I'm currently learning about the analysis of boolean functions (mainly based on their Fourier coefficients) by reading this excellent resource There, boolean functions are represented as linear combinations of parity functions (which form an orthonormal basis).

From other areas I'm used to functions being represented as circuits. My question therefore is: What is the most efficient/simple way to convert a function from its representation by Fourier coefficients to a small circuit and vice versa?

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    $\begingroup$ You should check Chapter 4 of the O'Donnell's book. Relating the Fourier representation of a function to the structure of a circuit representing it is not easy. There are interesting open questions even about the simplest circuits: DNFs. This is very much an area of current research. $\endgroup$ – Sasho Nikolov Apr 11 '16 at 19:07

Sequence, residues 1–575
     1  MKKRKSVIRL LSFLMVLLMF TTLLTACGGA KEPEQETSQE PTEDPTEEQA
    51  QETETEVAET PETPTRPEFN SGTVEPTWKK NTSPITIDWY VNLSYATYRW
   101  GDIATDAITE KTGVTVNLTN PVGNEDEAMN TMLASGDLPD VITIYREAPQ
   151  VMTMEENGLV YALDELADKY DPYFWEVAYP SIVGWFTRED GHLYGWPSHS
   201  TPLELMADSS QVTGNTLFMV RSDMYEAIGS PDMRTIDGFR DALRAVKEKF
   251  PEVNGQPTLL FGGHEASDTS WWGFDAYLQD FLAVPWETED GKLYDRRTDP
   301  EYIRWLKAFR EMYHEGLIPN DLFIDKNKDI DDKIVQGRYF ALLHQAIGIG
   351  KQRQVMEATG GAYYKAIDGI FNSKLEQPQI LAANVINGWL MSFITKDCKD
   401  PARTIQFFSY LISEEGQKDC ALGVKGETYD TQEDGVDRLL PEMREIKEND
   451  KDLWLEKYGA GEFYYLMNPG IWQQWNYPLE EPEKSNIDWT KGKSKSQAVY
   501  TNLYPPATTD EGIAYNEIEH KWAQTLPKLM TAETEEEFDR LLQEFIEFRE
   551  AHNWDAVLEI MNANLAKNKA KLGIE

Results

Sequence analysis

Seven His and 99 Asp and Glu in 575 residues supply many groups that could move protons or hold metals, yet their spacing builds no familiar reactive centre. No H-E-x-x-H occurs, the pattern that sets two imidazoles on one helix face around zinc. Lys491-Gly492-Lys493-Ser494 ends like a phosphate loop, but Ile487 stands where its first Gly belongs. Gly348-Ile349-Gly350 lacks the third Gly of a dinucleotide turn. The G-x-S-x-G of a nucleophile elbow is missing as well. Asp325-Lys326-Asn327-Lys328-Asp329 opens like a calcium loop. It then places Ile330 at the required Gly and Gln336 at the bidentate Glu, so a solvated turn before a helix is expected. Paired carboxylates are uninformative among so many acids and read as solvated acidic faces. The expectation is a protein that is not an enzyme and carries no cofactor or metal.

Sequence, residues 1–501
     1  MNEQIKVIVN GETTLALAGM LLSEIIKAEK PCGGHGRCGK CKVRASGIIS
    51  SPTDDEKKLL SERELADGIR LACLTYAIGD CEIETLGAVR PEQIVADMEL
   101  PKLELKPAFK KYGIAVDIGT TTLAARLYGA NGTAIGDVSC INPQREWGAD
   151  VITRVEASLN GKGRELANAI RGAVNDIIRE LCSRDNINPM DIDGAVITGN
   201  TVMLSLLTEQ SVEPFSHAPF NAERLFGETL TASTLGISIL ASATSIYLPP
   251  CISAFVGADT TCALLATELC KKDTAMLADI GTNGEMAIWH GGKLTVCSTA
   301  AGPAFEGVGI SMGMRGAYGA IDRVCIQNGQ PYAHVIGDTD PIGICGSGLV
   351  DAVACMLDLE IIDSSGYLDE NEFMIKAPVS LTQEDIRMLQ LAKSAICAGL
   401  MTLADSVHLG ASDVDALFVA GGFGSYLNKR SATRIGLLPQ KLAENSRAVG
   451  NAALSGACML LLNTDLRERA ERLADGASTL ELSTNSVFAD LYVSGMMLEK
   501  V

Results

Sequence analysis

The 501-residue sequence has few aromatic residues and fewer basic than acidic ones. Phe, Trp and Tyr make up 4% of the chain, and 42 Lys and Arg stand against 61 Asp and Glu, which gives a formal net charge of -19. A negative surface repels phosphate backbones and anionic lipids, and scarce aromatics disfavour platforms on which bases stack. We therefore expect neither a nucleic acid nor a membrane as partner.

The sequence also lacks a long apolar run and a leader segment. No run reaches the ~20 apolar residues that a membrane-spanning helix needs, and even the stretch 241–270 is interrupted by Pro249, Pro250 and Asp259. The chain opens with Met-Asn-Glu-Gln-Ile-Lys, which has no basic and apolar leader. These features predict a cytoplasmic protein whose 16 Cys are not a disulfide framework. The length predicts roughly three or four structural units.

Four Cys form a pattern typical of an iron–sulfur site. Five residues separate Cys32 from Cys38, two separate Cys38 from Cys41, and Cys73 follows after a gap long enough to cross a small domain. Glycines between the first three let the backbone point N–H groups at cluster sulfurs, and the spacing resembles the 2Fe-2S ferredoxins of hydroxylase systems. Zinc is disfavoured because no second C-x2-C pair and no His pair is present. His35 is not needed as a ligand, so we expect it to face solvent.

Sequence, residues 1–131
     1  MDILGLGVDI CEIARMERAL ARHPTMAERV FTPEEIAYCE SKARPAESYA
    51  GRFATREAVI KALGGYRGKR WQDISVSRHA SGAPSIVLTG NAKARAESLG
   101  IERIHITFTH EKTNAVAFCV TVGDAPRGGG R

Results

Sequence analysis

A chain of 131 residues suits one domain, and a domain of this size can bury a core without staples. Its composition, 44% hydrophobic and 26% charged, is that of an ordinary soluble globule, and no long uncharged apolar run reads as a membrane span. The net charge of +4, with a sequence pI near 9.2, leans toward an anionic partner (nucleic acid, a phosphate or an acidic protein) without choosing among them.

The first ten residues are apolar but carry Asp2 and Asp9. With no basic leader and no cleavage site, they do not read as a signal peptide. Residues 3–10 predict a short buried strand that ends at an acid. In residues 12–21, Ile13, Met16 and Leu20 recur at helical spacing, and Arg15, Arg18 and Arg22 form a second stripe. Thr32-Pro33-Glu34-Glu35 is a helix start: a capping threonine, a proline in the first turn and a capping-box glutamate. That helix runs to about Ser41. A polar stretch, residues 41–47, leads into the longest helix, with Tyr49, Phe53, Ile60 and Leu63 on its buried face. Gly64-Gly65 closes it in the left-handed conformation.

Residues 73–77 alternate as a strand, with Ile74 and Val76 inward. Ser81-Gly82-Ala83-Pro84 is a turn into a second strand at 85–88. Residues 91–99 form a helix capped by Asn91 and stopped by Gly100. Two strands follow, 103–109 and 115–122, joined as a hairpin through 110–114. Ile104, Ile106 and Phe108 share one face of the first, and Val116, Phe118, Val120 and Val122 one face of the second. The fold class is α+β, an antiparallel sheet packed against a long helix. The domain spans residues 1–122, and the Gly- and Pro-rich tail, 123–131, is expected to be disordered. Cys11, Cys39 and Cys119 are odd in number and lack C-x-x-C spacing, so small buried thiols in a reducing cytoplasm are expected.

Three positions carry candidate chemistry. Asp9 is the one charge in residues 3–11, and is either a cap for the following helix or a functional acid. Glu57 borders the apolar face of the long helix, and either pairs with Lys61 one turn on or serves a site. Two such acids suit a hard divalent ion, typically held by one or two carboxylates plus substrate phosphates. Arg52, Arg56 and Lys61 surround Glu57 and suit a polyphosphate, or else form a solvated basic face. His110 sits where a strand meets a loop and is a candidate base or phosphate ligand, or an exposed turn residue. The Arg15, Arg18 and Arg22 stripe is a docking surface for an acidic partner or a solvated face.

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    $\begingroup$ Given the Fourier expansion of a function you can recover its truth table in $2^n poly(n) $ time, and given the truth table you can get the Fourier expansion in this time. Hence your question is equivalent to computing truth tables of circuits, which is at least as hard as solving SAT in less than $2^n $ time (which in turn is at least as hard as showing NEXP is not in P/poly). So.... hard problem. :) $\endgroup$ – Ryan Williams Apr 11 '16 at 22:11

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